Pit bulls have an unfair reputation -- in fact, some parts of the United States ban the ownership of this breed of dog. Because they are popularly, and sometimes illegally, appropriated as fighting dogs and guard dogs, this strong breed is often singled out as dangerous and unfit for domesticity. The truth, though, is that pit bulls are generally friendly, playful dogs that love the company of humans, including kids.
Pit bulls are regarded by experts and organizations like the ASPCA as sociable, smart and gentle dogs when they are well-trained. Unfortunately, though, this strong breed has a reputation for being misappropriated for use in illegal dog fights, and they generally don't like other dogs as much as they like humans. Other times, pit bulls are abused by owners that want to train the dog as a guard animal. All of this gives pit bulls an inaccurate stigma as being naturally vicious.
The truth is that pit bulls naturally love humans and the company of their owners. They are patient, receptive to training and instruction, playful and fun-loving animals that may not like other dogs, but love the people that care for them. Pit bulls are big and strong, so they require regular exercise and ample playtime, and in tests, have actually scored below other breeds in terms of natural aggression.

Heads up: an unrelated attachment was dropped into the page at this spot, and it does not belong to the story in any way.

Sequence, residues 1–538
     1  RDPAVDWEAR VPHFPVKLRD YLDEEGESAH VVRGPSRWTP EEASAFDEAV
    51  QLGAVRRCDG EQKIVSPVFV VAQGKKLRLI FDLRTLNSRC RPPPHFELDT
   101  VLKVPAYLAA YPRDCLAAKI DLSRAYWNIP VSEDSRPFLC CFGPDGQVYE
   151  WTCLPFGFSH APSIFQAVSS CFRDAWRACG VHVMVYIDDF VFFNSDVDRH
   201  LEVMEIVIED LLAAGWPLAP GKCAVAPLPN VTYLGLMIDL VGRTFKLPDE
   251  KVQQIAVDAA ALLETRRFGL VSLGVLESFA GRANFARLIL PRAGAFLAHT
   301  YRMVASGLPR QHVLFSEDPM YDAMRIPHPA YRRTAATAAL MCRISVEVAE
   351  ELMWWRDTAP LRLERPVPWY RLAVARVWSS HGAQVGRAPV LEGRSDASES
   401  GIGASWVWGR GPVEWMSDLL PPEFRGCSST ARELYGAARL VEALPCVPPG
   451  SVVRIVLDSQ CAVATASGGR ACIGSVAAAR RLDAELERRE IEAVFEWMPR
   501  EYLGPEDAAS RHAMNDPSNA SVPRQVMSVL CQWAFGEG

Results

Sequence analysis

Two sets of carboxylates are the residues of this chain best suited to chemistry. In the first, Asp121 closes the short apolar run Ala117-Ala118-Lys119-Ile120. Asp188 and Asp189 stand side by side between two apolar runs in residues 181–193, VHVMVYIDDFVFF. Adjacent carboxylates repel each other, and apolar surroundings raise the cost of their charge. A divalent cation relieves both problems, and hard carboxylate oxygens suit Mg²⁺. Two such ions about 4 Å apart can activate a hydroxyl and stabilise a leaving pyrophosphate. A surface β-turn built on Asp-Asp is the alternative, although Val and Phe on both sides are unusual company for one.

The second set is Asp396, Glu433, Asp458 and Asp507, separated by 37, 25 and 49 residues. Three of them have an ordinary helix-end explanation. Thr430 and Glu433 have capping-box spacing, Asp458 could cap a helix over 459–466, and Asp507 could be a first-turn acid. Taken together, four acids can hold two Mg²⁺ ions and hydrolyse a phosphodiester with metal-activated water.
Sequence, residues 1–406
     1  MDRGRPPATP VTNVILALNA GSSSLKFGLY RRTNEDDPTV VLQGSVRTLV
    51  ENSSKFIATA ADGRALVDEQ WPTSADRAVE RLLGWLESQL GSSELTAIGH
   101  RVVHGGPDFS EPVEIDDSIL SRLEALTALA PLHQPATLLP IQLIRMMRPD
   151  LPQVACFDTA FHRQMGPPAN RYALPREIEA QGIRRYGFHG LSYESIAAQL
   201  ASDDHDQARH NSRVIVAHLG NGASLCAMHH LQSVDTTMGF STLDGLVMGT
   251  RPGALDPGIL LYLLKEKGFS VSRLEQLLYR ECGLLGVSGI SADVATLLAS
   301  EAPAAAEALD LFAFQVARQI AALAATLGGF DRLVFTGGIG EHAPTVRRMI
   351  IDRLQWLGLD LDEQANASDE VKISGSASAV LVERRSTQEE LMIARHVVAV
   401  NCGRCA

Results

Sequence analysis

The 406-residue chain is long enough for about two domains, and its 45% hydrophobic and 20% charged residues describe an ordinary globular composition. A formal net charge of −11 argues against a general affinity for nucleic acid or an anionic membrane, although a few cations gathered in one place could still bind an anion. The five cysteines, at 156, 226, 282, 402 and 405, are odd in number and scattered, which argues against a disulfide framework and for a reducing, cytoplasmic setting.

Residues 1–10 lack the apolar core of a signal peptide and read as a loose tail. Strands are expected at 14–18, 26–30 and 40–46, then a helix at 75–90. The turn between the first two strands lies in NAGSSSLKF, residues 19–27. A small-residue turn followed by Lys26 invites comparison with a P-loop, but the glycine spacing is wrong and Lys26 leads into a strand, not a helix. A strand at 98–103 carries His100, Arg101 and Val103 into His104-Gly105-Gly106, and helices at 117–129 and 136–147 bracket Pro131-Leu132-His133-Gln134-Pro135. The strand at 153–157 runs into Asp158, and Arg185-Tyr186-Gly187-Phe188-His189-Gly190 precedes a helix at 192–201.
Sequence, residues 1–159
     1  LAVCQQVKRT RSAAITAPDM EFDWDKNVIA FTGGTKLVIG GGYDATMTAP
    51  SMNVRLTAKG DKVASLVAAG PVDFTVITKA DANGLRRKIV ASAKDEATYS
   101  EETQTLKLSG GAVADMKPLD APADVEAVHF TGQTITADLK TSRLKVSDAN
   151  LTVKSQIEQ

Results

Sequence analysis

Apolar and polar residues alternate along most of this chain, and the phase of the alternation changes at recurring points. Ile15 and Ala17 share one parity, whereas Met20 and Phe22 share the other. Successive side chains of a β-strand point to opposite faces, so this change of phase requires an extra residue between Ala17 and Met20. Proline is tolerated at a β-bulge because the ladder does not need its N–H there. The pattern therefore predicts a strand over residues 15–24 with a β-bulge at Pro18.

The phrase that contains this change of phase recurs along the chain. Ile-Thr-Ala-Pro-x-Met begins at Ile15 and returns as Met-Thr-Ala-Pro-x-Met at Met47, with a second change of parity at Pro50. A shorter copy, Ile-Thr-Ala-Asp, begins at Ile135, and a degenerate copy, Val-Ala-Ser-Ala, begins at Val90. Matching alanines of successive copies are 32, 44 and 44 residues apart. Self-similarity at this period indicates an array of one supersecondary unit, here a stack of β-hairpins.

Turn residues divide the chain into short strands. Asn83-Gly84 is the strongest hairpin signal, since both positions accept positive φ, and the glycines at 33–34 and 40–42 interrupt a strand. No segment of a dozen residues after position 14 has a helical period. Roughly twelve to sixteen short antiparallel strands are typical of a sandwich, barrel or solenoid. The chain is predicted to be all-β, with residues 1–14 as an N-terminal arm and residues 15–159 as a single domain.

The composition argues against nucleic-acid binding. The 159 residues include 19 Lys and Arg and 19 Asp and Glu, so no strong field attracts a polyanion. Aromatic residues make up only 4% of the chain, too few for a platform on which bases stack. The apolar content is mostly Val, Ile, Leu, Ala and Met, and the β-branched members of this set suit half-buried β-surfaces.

Bulls and Kids
Pit bulls love people, and not just adults -- their loving, playful nature makes them natural companions for children. Pit bulls are relatively gentle, amiable dogs. Generally, the only danger of leaving your child with a pit bull is that pit bulls love to play so much that they could accidentally knock over a small child. Children and dogs should always be supervised when they play together, though, no matter what the breed -- pit bulls are not unique in that regard.
Background and Socialization
Adopting a pit bull is as serious a commitment as adopting any other dog, if not more so -- especially when it comes to rescue dogs. Rescue pit bulls may have histories of abuse, mistreatment or even illegal fighting, and they may have trust issues with humans and other dogs that are difficult to overcome. As with any dog, if you are want to adopt a pit bull for your child, you should make sure that it has been well-socialized, trained and, if necessary, rehabilitated.
Tom Ryan is a freelance writer, editor and English tutor. He graduated from the University of Pittsburgh with a degree in English writing, and has also worked as an arts and entertainment reporter with "The Pitt News" and a public relations and advertising copywriter with the Carnegie Library of Pittsburgh.